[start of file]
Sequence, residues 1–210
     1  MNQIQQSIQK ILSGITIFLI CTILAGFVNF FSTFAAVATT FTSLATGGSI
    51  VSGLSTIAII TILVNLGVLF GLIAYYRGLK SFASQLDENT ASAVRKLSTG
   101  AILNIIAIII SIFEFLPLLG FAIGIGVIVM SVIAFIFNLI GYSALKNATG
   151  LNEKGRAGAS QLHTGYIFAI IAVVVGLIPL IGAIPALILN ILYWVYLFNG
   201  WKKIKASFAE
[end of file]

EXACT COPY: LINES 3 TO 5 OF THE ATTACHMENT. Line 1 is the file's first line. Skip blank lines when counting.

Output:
    51  VSGLSTIAII TILVNLGVLF GLIAYYRGLK SFASQLDENT ASAVRKLSTG
   101  AILNIIAIII SIFEFLPLLG FAIGIGVIVM SVIAFIFNLI GYSALKNATG
   151  LNEKGRAGAS QLHTGYIFAI IAVVVGLIPL IGAIPALILN ILYWVYLFNG